Write Good Git Commits

Writing quality Git commits has been written about to death, but it is so important that I could not help myself from sharing my thoughts on the subject. Mostly, I will be rehashing what Tim Pope has shared, but I will also include a few of the things that I have used to improve my source histories.

Limit the subject of your commit to 50 characters

Many people live life as I do: at the command line. Limiting to 50 characters allows room for us to use an 80 character width for commands such as git rebase –interactive without width concerns. Even for those in a more modern IDE, the limit is important.

My helpful screenshot

As commit messages get longer, it becomes more difficult for everyone to traverse your history.

Use the commit body for important details

It is very rare that I see people extend their commit histories into the body portion of a commit but it is the perfect place to offer extra details. Things like what resources you used to make a specific decision are better left in the commit history than in code comments most of the time. In a recent commit to my dotfiles, I added a quick alias to correct a TouchBar issue I was having.

Fix TouchBar when it (frequently) breaks

From http://osxdaily.com/2017/01/11/manually-refresh-touch-bar-mac/ this
will reset the control portion of the touch bar which has been
frequently breaking in New and Interesting Ways™.

Without these details, I might never be able to find the source for why I added this.

Also, limit the line length in the body to 72 characters.

Do not use the –message option

Pretty much everyone I watch make a commit will do so directly at their command prompt with git commit -m. Forcing yourself into an editor will encourage you to add additional details about a commit message. Additionally, your editor can configured to alert you to the 50/72 rule. Simply add au FileType gitcommit set t==72 to your vimrc to auto wrap git messages at 72 characters if vim is configured as your Git editor. vim-git is also a fantastic option that will highlight based on these rules.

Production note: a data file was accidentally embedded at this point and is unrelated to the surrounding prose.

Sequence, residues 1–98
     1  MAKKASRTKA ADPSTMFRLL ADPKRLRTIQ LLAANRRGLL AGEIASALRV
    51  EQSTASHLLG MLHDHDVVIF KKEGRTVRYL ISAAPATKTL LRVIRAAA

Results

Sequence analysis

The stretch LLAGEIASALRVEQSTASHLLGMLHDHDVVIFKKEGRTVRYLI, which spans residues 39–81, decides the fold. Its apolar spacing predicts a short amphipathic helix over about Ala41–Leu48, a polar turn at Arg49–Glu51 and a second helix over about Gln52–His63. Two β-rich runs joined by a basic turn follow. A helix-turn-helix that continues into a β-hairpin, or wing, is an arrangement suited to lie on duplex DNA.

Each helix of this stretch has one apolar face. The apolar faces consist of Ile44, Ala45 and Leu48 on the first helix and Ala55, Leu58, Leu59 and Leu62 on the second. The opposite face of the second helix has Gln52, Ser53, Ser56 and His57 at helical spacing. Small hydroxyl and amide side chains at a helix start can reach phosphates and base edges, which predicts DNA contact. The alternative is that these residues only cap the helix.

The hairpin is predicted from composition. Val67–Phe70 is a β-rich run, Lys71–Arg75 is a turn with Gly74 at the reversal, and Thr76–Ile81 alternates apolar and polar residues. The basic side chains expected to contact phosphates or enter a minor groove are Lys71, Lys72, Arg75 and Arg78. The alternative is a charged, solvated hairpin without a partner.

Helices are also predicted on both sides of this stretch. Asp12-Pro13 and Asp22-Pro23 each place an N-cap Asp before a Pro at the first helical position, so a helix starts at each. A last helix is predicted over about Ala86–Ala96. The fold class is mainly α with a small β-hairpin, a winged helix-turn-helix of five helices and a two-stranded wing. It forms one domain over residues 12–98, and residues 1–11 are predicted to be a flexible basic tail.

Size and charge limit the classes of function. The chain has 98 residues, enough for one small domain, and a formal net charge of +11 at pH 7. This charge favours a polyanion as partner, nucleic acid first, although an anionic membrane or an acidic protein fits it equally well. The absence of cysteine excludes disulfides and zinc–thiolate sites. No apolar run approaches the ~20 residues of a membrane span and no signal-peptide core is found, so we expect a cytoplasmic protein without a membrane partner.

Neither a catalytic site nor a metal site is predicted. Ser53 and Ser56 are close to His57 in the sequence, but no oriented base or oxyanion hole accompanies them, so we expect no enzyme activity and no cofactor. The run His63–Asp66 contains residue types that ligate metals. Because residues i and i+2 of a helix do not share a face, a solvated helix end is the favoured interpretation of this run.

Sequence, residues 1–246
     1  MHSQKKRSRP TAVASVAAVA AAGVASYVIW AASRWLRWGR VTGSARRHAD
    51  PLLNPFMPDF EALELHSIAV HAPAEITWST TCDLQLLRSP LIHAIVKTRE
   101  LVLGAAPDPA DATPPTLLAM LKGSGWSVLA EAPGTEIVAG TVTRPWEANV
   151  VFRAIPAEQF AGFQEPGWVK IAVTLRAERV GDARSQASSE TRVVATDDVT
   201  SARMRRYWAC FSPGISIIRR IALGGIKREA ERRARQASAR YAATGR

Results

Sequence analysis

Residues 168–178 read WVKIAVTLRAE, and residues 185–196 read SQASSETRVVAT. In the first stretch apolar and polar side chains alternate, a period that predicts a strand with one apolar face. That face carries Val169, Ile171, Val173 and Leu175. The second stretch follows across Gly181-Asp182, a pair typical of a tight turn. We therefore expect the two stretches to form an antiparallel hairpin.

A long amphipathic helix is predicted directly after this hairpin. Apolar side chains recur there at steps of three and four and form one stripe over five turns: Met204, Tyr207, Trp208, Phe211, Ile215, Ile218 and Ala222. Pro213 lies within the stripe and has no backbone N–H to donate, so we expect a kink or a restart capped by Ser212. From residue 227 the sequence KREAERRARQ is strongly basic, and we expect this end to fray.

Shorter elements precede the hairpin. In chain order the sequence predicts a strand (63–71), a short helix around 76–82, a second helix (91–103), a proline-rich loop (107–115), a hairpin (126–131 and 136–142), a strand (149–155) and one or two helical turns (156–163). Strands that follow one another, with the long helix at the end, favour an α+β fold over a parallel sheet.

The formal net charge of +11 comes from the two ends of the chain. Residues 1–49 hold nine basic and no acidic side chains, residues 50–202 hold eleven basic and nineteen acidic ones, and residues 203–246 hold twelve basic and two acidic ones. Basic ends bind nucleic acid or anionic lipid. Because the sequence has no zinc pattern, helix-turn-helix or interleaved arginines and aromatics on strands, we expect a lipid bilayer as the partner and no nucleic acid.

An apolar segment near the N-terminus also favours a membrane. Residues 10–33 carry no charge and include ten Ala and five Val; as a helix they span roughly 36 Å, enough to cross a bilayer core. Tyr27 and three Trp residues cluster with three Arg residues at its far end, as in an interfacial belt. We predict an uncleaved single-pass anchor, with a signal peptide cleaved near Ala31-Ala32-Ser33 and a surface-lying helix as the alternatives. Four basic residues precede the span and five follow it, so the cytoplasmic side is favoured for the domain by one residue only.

If you are struggling with breaking your -m habit, try creating a bash function to prevent its usage.

function git {
  if [[ $@ == "commit -m" ]]; then
    echo "Do not specify -m for commit"
    command git "$@"

Commit as if giving a command

How to Write a Git Commit Message made me consider the subject of my commits a little more. In bullet point 5, Chris says “Use the imperative mood in the subject line.” Considering Git itself follows this rule, it made perfect sense to jump on board.

Merge branch 'bugfix/correct-spacing'


Revert "Implement person CRUD"

The best advice I picked up was write your commit as if you are completing the following sentence: “If applied, this commit will…”

Rebase your branches, but leave master alone

Rebasing is a heated topic in the community but the one thing that everyone can agree on is leaving master alone. Once your commit has made it there, it is history and should never be changed. However, your branch is your story. You get to tell it however you want so craft it in a way that is useful to the reader.

For me, this is particularly important because the second thing I do when reviewing a new code base is look at the commit history to see to story of the application. Unfortunately, most are riddled with messages like “fixed typo” or “asdf” and the history becomes unreadable.

Take care in crafting your git messages and you will find much more value in your git logs!